Results 1 to 4 of 4

Thread: 4 x 5 Dedicated Film Scanners ? !!!

  1. #1

    4 x 5 Dedicated Film Scanners ? !!!

    I have been given the task of finding a mid o high end film scanner, specifically for 4x5 and 120 film, for the design company that I work for. I'm interested in knowing A) What's on the market and B) How good is it? What factors are most important as far as specifications?

  2. #2

    Join Date
    May 2006
    Posts
    376

    4 x 5 Dedicated Film Scanners ? !!!

    If you're talking high end you're talking drum scanners. If you're talking mid-range you're talking USED drum scanners. A used Howtek 4000 or 4500 will be from $4000 - $7000 - nothing will come close using CCD technology at that price level. PMT's are the way to go. Low end is CCD technology - there you will find the Polaroid, Minolta, etc... scanners. The Imacon is a CCD scanner that approaches PMT scanners, but still loses out with regards to Dmax and noise - and is more expensive than a better used PMT scanner.

  3. #3

    Join Date
    Mar 1998
    Posts
    1,974

    4 x 5 Dedicated Film Scanners ? !!!

    Nikon, Polaroid & Imacon all currently make well supported hi-res scanners. but defining high end is the trick. what youwantto look for is resolution, color depth and density range, preferably you want a firewire connection forthe best spped (with desktop scanners).

  4. #4

    4 x 5 Dedicated Film Scanners ? !!!

    I second the choices Wayne has mentioned. I recently purchased a used Howtek D4000 specifically to get high-end drum scanning on a budget (for more info on high end scanning, check out the Yahoo group http://groups.yahoo.com/group/ScanHi-End/ ).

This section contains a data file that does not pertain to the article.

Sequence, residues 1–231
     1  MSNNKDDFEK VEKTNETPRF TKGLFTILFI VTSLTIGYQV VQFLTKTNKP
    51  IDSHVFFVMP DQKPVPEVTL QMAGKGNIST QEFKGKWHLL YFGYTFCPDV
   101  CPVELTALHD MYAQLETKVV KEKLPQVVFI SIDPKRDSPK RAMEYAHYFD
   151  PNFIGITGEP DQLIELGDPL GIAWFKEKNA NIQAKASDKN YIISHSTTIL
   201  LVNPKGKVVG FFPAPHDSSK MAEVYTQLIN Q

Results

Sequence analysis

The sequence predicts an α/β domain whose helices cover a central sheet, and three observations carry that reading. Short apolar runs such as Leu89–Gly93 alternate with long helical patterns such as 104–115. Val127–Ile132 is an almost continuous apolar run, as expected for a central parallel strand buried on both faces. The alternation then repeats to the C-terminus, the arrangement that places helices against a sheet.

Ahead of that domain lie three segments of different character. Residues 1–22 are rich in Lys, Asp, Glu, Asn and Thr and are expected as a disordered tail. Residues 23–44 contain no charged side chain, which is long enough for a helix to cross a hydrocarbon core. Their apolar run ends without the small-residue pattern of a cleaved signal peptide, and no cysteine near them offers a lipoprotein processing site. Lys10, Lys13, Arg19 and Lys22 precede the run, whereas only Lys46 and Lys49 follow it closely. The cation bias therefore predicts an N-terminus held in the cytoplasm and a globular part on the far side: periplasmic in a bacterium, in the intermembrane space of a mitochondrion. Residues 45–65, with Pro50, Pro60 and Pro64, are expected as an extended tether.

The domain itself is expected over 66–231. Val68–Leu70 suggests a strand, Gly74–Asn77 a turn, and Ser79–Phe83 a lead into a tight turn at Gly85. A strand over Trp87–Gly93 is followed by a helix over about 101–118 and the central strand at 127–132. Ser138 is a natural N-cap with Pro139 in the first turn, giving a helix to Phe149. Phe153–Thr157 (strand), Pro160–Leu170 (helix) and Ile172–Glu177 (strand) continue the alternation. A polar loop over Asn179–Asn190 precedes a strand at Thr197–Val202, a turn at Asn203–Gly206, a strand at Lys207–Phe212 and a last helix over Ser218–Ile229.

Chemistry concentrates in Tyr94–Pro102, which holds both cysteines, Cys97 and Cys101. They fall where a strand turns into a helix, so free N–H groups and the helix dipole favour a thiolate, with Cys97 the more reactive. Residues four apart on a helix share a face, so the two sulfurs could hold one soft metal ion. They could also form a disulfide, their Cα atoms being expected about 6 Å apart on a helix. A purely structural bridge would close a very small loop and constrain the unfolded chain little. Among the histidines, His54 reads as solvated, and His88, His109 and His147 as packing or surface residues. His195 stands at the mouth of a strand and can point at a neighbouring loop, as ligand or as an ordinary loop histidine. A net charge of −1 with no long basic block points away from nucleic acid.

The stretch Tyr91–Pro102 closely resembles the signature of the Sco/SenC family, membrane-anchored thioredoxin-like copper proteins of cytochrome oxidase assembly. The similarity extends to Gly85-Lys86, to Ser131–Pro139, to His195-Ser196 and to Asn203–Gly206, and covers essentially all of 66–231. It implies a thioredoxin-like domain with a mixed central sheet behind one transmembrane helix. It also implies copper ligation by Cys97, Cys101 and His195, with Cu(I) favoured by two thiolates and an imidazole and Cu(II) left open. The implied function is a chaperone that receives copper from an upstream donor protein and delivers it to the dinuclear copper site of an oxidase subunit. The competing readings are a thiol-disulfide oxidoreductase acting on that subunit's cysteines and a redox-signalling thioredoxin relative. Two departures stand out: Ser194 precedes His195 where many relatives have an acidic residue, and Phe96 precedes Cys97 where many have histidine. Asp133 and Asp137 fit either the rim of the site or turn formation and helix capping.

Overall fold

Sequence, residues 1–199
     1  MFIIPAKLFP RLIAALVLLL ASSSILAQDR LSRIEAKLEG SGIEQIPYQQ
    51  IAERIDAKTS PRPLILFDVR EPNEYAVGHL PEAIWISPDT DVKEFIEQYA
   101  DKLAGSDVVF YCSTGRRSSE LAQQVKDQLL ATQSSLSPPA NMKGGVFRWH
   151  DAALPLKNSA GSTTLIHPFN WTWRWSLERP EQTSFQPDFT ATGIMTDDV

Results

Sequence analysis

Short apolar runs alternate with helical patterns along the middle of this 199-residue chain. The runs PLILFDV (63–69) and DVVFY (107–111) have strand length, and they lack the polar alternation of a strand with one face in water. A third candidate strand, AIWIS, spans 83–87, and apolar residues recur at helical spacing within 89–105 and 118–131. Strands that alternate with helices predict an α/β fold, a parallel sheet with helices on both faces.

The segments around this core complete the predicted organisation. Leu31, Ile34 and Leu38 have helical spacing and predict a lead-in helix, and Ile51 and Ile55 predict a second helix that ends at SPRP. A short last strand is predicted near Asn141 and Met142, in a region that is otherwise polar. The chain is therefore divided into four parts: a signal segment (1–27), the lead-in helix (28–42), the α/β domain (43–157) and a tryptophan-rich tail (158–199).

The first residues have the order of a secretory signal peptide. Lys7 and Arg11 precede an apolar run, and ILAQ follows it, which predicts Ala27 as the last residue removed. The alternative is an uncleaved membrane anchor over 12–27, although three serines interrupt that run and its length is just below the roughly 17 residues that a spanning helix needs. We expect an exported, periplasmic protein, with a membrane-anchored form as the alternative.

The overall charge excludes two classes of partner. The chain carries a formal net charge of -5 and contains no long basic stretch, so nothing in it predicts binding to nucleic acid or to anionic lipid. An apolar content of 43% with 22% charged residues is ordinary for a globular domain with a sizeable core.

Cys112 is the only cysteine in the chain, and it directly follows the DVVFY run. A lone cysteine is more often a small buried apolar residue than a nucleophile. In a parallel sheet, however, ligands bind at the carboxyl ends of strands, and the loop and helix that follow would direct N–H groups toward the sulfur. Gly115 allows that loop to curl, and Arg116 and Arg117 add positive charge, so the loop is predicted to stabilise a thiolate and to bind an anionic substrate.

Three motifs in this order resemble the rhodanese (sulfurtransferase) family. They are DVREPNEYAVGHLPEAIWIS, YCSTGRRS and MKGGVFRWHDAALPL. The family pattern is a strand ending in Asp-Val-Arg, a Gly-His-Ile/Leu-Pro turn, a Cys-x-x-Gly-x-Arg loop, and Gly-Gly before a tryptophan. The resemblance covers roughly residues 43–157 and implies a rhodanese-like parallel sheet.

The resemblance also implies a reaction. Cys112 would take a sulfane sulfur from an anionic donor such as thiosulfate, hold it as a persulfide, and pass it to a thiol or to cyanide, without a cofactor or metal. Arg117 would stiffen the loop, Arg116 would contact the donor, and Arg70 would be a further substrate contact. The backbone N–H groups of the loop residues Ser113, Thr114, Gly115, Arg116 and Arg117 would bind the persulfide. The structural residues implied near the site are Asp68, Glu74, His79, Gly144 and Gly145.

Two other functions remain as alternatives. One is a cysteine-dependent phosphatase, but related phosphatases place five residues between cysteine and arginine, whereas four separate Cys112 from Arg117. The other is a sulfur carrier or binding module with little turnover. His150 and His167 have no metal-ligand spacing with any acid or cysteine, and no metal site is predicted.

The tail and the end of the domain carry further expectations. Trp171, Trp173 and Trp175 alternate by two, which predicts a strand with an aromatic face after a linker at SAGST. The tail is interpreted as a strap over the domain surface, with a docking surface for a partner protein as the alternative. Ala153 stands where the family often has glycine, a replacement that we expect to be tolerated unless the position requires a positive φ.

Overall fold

Because repro houses etc are dropping drum scanners for the convenience of digital capture and CCD scanners like the Imacon, there are some drum scanner bargains to be had.

    A Howtek D4000 or the D4500 (larger drum, so better for 8x10) can now be purchased with software for around USD4,000 up. I could not be more happy with my D4000. Fabulous quality, but it is more difficult to learn to use than a "plug-and-play" CCD scanner.

    Quentin

Similar Threads

  1. Zone System/Drum Scanners - B&W film calibration?
    By Jack Brady in forum Style & Technique
    Replies: 9
    Last Post: 29-Oct-2005, 09:32
  2. Matching Film Curves to Scanners and devices
    By Jeffrey Sipress in forum Style & Technique
    Replies: 18
    Last Post: 29-Jun-2005, 21:45
  3. Canoscan 9500F versus dedicated 35mm slide scanner
    By Chris Stagg in forum Digital Processing
    Replies: 7
    Last Post: 20-Dec-2004, 10:12
  4. diy film holders for scanners
    By Mark_3632 in forum Cameras & Camera Accessories
    Replies: 9
    Last Post: 12-Dec-2004, 09:46
  5. 8x10 film scanners
    By Kevin Johnson in forum Digital Hardware
    Replies: 8
    Last Post: 29-Oct-2001, 10:53

Bookmarks

Posting Permissions

  • You may not post new threads
  • You may not post replies
  • You may not post attachments
  • You may not edit your posts
  •